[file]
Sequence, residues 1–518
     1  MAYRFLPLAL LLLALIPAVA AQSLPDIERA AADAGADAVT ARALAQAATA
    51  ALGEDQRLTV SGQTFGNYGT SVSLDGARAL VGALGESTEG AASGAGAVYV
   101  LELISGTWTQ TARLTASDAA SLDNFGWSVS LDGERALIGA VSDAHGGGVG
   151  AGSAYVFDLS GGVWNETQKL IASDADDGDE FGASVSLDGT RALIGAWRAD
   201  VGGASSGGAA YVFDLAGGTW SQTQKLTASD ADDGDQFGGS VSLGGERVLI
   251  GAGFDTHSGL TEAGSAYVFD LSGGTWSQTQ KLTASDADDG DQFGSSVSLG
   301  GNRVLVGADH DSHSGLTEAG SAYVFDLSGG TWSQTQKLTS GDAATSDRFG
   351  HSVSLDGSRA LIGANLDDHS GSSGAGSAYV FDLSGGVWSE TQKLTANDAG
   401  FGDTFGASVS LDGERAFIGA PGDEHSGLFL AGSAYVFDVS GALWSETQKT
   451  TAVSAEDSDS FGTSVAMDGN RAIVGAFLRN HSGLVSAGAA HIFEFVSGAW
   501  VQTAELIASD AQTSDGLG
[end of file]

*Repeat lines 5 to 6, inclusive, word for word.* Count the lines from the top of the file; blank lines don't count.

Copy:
   151  AGSAYVFDLS GGVWNETQKL IASDADDGDE FGASVSLDGT RALIGAWRAD
   201  VGGASSGGAA YVFDLAGGTW SQTQKLTASD ADDGDQFGGS VSLGGERVLI